Tuesday, July 1, 2014

Live on Purpose

One of my favorite mantras is about purpose. I focus attention on purpose. It is a word that can be interpreted in a very basic sense—to give or or to love—or in an extremely dense one involving philosophies on existentialism. While we are all purposed for the progression of others, answers to questions like who, what, when, and how are as individual as our fingerprints.

It's fascinating to observe reactions when the topic of purpose comes up. Some get excited to talk about it. Some will simply listen, but some will change the subject, sneak out of the room, or even roll their eyes. Sadly, we have attached judgment to purpose and for that reason, when the word is mentioned, we feel threatened. We've taken on this assumption that in order for us to have purpose it has to be bigger, more meaningful, more influential, and more certain. Bigger and more than what? That's a moving target. Generally, bigger and more than the purpose of whoever we're speaking with, watching on television, or reading about in a magazine. That is not purpose. Purpose is not comparative nor competitive. Purpose simply is.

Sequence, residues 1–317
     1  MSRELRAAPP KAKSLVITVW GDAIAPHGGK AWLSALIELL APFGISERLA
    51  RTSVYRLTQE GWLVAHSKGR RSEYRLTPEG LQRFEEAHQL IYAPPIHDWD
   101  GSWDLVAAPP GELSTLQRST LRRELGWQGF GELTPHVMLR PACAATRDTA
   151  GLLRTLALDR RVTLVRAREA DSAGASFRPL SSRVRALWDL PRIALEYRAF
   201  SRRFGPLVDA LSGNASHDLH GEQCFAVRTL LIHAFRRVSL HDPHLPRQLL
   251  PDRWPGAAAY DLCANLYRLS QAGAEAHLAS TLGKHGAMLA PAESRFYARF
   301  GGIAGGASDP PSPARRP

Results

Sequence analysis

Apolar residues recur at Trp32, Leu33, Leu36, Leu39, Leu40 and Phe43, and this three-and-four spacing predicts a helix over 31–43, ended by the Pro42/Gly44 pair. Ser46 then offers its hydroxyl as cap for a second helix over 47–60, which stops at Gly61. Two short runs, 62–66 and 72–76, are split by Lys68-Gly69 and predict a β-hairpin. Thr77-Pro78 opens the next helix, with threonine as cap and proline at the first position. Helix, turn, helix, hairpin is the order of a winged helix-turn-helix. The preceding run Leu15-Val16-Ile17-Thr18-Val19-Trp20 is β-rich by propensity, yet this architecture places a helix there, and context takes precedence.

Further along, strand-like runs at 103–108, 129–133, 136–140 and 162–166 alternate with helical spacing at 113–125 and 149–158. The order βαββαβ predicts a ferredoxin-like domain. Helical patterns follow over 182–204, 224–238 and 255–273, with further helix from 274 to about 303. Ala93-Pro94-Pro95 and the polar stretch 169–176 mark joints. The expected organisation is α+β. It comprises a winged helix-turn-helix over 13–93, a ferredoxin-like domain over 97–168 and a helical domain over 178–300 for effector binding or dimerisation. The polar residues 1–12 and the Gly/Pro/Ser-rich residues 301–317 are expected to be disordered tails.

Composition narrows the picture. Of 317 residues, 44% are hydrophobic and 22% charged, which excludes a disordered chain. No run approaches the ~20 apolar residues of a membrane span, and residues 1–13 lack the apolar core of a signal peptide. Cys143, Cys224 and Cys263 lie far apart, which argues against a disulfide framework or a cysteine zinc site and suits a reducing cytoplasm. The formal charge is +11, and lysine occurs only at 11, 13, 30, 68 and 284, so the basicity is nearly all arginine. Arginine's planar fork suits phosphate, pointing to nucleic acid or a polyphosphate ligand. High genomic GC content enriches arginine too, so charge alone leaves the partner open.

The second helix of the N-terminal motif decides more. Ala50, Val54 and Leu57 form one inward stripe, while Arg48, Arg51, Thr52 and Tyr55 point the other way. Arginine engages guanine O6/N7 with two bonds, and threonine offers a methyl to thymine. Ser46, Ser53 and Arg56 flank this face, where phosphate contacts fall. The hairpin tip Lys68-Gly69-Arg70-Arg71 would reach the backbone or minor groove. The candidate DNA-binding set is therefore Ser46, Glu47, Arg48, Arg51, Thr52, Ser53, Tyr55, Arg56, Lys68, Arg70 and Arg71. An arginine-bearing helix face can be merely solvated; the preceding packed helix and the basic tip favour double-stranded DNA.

Maybe you're someone who has opted out of the purpose conversation. Maybe you aren't confident in your purpose and you've even been one to roll your eyes at the mere mention of the word. The magnificent part of purpose is that it is independently dependent. My purpose is not any bigger or smaller than yours. Your purpose is no more or less than mine. They are equal and build upon the collective purpose of progression.

Don't be afraid of purpose. Not the word, not anyone else's, and definitely not your own. If you have an inkling of what your purpose is, do not allow your fear of uncertainty to diminish what you do know. Your purpose will evolve over time, just as you evolve over time. You may be reading this and telling yourself, "I have no idea what my purpose is." Not knowing is not equal to not having. Embarking on the journey of finding out requires active and intentional listening without judgment or fear. In order to discover your purpose you must think on purpose and speak on purpose so that you may live on purpose.

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